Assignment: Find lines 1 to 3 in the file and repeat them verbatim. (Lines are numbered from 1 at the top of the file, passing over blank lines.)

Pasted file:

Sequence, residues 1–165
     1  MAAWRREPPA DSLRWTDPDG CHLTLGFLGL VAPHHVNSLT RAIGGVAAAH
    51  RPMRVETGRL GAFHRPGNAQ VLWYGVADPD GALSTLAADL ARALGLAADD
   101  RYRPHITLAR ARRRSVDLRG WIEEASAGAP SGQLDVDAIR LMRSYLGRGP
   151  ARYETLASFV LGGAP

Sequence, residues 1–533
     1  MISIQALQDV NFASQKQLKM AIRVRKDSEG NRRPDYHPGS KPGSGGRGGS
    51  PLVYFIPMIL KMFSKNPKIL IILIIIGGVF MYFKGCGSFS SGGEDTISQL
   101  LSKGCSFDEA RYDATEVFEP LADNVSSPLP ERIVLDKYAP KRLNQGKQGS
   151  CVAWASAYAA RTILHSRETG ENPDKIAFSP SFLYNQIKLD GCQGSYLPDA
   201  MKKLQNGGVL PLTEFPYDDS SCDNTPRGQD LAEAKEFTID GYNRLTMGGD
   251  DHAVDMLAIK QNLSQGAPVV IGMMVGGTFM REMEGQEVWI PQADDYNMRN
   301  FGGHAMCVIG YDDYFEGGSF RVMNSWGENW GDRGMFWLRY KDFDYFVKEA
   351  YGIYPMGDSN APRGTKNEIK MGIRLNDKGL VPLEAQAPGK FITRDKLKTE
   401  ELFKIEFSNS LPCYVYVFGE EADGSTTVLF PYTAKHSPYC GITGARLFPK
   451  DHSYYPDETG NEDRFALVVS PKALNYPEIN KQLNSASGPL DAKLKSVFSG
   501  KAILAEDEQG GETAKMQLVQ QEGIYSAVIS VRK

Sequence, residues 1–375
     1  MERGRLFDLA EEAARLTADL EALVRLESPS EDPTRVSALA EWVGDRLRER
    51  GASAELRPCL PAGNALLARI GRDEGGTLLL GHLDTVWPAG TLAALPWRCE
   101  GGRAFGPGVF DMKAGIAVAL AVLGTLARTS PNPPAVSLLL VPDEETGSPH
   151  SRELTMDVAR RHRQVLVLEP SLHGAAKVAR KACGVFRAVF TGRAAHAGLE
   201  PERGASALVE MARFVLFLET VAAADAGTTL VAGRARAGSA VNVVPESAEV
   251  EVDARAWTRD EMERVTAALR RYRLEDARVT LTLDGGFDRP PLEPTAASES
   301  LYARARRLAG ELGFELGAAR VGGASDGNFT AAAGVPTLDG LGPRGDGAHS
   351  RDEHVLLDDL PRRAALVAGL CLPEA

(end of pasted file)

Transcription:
Sequence, residues 1–165
     1  MAAWRREPPA DSLRWTDPDG CHLTLGFLGL VAPHHVNSLT RAIGGVAAAH
    51  RPMRVETGRL GAFHRPGNAQ VLWYGVADPD GALSTLAADL ARALGLAADD